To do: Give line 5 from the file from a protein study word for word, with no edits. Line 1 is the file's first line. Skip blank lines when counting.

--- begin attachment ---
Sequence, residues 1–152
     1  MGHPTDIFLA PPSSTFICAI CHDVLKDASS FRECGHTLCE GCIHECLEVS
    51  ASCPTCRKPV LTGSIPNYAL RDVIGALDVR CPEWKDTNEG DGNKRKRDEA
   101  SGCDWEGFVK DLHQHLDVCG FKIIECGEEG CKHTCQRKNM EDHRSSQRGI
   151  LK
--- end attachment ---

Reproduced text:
   151  LK